Doctor Zhivago  (1965)

Drama 1965 PG-13 200 minutes.  A young physician (Omar Sharif) and his beautiful mistress (Julie Christie) get swept up in the danger and drama of the Bolshevik Revolution in this Oscar-winning epic based on the classic novel by Nobel Prize-winning author Boris Pasternak. The film earned five Academy Awards in all, including statues for Best Art Direction, Best Cinematography, Best Costume Design, Best Score and Best Screenplay. Alec Guinness and Rod Steiger co-star.

Doctor Zhivago  (2002)

Remake Miniseries 2002 NR 2 discs / 2 episodes.  As political turmoil rumbles through Russia, Doctor Zhivago is trapped in a love triangle between his wife and his mistress. Meanwhile, the Bolshevik Revolution will change all their lives forever in this miniseries remake of the classic 1965 film.

West Side Story

Musical 1961 NR 152 minutes.  Winner of 10 Academy Awards including Best Picture, this classic musical set among the tenements of New York City finds star-crossed lovers Maria and Tony caught in the midst of a turf war between rival street gangs.

The Quiet Man

Drama 1952 NR 129 minutes. John Wayne hangs up his spurs to star as bachelor ex-boxer Sean Thornton in this endearing classic. Back in his native Ireland, the Duke’s thoughts turn to domestic tranquility after courting the lovely Mary Kate (Maureen O’Hara). But her brother (Victor McLaglen) may need to have some common sense knocked into him — literally — before the deal is done. The customs and lifestyle of Ireland bewilder this Irish-American. The film won two Academy Awards, including Best Director (John Ford).

The Philadelphia Story

Romantic Comedy 1940 NR 112 minutes.  Socialite Tracy Lord (Katharine Hepburn) prepares to remarry, but her ex (Cary Grant) and a tabloid reporter (Best Supporting Actor Oscar-winner James Stewart) have other ideas as they converge on her home for a fateful visit. The three stars form an incomparable trio in one of the most tantalizing screwball romances ever. And under the direction of George Cukor, this once-urbane Broadway comedy springs to life with precision and wit.

Gone with the Wind

Drama 1939 G 233 minutes.  Director Victor Fleming’s 1939 epic adaption of Margaret Mitchell’s novel of the same name stars Vivien Leigh as self-absorbed, headstrong Scarlett O’Hara, a Southern Belle who meets her match in Rhett Butler just as the Civil War breaks out.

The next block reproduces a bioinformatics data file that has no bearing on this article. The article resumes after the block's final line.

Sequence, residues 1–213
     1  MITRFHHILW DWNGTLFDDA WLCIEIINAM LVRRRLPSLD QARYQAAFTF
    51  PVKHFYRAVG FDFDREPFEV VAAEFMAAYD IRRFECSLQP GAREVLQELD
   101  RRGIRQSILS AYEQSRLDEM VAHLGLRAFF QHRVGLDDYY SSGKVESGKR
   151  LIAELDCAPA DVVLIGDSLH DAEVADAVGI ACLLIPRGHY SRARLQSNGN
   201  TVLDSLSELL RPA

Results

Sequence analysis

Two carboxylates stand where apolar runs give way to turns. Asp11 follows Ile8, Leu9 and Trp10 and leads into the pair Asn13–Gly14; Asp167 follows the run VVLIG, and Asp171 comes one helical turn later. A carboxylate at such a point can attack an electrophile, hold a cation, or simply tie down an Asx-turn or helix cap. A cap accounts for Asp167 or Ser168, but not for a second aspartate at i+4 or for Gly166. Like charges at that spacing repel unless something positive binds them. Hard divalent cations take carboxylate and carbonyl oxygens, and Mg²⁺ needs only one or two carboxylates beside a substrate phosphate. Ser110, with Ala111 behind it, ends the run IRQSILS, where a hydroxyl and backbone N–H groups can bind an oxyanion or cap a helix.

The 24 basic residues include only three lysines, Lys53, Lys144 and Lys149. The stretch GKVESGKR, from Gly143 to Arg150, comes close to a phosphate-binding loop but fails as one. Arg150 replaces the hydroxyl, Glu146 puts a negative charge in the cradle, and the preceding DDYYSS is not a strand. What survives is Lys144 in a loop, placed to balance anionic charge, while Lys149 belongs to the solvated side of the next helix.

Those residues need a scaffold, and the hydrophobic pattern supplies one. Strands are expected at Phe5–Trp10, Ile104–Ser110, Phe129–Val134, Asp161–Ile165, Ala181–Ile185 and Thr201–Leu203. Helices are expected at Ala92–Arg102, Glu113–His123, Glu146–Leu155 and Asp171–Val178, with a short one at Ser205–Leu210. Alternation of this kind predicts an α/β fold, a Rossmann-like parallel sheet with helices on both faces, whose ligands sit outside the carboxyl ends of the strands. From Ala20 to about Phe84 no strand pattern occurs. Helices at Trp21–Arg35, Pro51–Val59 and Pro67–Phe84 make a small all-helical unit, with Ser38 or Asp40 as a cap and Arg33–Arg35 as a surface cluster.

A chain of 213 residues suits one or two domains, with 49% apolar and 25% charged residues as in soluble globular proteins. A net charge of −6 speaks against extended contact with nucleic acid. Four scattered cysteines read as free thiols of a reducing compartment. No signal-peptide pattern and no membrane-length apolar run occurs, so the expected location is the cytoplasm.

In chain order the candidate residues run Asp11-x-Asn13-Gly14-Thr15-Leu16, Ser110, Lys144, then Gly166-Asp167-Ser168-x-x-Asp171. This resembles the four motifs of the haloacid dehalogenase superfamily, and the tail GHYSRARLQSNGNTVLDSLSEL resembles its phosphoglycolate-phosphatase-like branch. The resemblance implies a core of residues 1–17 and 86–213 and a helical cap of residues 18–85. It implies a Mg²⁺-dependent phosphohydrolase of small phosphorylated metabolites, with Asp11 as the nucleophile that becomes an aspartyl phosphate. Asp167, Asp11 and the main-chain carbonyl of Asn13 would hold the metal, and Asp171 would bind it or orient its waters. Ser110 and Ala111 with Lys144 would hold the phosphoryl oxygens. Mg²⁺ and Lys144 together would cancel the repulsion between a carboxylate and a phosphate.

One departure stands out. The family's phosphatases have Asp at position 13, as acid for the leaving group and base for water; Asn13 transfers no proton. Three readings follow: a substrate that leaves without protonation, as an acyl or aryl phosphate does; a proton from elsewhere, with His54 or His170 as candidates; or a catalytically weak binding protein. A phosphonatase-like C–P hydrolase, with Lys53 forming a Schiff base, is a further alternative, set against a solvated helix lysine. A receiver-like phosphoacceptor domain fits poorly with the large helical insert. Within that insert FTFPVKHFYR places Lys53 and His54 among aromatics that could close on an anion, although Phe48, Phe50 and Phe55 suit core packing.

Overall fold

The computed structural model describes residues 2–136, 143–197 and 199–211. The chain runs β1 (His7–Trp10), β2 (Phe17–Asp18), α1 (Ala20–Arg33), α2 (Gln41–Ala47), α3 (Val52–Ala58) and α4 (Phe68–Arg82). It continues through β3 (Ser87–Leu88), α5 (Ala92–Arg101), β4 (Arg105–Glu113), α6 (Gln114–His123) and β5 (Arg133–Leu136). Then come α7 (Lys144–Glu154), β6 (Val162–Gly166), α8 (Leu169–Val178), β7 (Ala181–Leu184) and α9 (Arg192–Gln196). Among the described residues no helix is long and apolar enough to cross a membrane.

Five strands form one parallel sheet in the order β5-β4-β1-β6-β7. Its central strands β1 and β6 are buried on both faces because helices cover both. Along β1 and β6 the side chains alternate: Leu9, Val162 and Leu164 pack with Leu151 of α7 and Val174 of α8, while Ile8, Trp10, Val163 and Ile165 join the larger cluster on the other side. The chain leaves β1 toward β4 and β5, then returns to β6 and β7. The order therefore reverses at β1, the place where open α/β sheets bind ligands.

It Happened One Night

Romantic Comedy 1934 NR 105 minutes.  Runaway socialite Ellie Andrews (Claudette Colbert) is en route to the Big Apple to elope with a fortune-hunting flyboy. Along the way she meets a crusty newspaperman (Clark Gable), who’s just been sacked and — unbeknownst to Ellie — plans to sell her story to get his job back. But a string of zany misadventures leads them to realize they’re madly — if reluctantly — in love. It Happened One Night swept every major Academy Award.

The Loving Story
(Long Way Home: The Loving Story)

Documentary 2011 NR 1hr 17M. This documentary profiles Mildred and Richard Loving, who were arrested in 1958 for breaking Virginia’s laws against interracial marriage. This couple fought for what they believed in and as a result a change spread across the nation. Her spirit was so intelligent and motherly and calm. His demeanor was so tough and honest and protective. This story is simply beautiful. A captivating look at the lives of the couple who reluctantly and inadvertently caused the eventual setting aside of the blatant racist laws in 16 states against interracial marriage. The last miscegenation laws was repealed in 2000 in Alabama. Thank you Mr. and Mrs. Loving. I would have been proud to be their neighbor, proud have known them. This is a real love story, one man and one woman set the example for the rest to follow. I guess they’re true American heroes we never got to hear about. Amazing story. I do not think I have ever seen a better documentary, one that has better caught and held my interest.  See Full Review